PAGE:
Kremlin warns US against 'provocative' moves toward China

AP , Friday 29 Jul 2022

The Kremlin on Friday offered strong support to China amid the tensions over Taiwan, warning the United States against any ``provocative`` moves that could exacerbate the situation.

Dmitry Peskov
File Photo: Kremlin spokesman Dmitry Peskov in the Kremlin in Moscow, Russia, September 9, 2021. AP


Chinese President Xi Jinping warned against meddling in China's dealings with Taiwan during a phone call Thursday with U.S. President Joe Biden,

Speaking in a call with reporters, Kremlin spokesman Dmitry Peskov said that Russia staunchly supports China's sovereignty and territorial integrity.

``We believe that no other country has the right to call (that) into doubt or take any provocative steps,'' Peskov said.

He warned the U.S. against ``destructive'' moves, adding that ``such behaviour on the international arena could only exacerbate tensions as the world is already overloaded with regional and global problems.''

The tough statement reflects close ties between Moscow and Beijing, which have grown stronger since Russia sent its troops into Ukraine on Feb. 24. China has refused to criticize Russia's action, blaming the U.S. and NATO for provoking Moscow, and has blasted punishing sanctions imposed on Moscow.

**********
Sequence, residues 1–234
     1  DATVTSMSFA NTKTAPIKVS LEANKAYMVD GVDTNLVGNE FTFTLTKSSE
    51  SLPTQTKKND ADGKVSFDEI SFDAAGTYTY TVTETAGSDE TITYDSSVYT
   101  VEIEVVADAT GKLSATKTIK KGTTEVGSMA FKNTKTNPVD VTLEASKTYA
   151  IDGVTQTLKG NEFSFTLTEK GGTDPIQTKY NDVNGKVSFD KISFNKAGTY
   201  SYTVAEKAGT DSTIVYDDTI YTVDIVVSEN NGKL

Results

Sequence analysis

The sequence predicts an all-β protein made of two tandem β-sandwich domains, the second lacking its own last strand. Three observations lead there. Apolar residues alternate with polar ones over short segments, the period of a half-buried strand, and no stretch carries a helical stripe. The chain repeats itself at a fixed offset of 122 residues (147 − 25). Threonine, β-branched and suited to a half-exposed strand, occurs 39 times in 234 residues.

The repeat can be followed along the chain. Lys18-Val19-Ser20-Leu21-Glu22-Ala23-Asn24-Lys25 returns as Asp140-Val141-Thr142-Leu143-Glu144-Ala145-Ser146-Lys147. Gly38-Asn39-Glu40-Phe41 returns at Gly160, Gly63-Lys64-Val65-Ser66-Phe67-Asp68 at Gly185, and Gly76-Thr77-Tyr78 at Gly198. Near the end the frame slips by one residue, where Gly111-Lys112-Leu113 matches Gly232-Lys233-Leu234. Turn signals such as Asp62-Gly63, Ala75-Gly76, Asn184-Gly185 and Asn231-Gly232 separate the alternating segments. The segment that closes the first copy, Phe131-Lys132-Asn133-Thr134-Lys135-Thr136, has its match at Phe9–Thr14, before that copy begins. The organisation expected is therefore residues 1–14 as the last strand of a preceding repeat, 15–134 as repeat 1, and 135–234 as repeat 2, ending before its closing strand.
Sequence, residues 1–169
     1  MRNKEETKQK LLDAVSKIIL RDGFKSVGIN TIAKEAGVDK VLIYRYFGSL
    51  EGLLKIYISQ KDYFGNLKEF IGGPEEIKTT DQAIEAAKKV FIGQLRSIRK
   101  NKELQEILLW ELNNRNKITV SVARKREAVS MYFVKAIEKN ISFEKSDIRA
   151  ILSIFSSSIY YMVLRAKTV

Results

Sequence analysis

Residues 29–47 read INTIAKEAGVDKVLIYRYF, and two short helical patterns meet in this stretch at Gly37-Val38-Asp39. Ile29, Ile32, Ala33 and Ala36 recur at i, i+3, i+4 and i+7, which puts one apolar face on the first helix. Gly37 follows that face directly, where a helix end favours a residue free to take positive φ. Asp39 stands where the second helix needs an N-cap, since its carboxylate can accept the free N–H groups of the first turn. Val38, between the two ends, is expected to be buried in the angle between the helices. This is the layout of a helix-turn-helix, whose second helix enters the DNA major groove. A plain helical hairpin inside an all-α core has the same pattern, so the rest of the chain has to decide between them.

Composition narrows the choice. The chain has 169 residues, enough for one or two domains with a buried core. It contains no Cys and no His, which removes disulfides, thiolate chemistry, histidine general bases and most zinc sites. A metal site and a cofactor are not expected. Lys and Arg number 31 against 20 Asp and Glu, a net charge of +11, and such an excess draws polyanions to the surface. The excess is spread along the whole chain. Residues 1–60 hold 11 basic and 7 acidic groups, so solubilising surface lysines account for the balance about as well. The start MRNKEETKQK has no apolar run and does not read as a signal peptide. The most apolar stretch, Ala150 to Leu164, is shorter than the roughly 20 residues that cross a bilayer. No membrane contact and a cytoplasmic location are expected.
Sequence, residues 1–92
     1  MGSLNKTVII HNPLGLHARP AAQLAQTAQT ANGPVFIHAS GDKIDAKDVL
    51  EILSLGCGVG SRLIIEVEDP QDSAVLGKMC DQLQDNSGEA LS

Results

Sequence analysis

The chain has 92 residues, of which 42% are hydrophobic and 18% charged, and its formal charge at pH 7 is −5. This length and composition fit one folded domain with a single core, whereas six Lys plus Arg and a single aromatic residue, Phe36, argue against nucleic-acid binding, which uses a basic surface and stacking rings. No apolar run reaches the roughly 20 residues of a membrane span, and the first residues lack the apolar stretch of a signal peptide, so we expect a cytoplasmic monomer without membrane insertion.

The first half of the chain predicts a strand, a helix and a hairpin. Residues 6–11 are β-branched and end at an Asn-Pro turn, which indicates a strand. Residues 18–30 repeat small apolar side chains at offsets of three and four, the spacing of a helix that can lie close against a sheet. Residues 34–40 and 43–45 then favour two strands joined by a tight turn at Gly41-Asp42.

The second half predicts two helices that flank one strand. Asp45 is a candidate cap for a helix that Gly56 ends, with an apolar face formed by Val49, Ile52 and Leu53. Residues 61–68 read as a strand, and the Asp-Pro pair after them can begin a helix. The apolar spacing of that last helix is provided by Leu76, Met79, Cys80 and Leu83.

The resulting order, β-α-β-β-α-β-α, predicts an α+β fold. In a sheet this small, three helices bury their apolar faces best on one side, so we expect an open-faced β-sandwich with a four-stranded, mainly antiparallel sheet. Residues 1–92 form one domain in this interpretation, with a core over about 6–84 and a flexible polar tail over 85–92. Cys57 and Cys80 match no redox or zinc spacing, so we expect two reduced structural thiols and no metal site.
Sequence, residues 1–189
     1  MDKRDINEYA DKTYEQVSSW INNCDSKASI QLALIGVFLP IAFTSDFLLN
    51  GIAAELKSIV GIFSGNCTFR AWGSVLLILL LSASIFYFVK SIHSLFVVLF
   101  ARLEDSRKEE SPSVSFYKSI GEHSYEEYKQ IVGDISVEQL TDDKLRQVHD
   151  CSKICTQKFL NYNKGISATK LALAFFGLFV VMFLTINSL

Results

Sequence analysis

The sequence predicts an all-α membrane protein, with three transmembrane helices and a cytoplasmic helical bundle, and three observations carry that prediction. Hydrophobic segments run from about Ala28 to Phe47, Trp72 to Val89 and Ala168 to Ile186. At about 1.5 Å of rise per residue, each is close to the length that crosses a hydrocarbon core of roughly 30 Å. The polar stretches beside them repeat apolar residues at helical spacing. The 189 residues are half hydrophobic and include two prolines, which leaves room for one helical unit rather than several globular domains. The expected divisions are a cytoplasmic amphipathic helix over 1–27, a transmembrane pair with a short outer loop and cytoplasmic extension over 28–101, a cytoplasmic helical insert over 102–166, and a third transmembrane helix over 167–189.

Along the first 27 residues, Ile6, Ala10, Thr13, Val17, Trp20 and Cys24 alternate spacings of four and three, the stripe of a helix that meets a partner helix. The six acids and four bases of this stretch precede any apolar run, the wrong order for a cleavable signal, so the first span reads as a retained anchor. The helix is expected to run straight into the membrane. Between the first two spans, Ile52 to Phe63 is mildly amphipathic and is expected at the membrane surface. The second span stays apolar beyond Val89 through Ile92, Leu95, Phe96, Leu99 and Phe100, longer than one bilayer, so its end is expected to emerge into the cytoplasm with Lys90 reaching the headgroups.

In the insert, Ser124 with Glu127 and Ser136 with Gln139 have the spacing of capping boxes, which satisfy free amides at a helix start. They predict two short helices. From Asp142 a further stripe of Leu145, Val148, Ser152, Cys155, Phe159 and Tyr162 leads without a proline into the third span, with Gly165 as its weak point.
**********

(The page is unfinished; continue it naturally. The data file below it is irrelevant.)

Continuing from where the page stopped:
The Chinese government gave no indication Xi and Biden discussed possible plans by U.S. House Speaker Nancy Pelosi to visit Taiwan, which the ruling Communist Party says has no right to conduct foreign relations. But Xi rejected ``interference by external forces'' that might encourage Taiwan to try to make its decades-old de facto independence permanent.

``Resolutely safeguarding China's national sovereignty and territorial integrity is the firm will of the more than 1.4 billion Chinese people,'' foreign ministry spokesperson Zhao Lijian said Friday. ``Those who play with fire will perish by it.''

The tough language from Xi, who usually tries to appear to be above political disputes and makes blandly positive public comments, suggested Chinese leaders might believe Washington didn't understand the seriousness of previous warnings about Taiwan.

Taiwan and China split in 1949 following a civil war that ended with a communist victory on the mainland. They have no official relations but are linked by billions of dollars of trade and investment. Both sides say they are one country but disagree over which government is entitled to national leadership.

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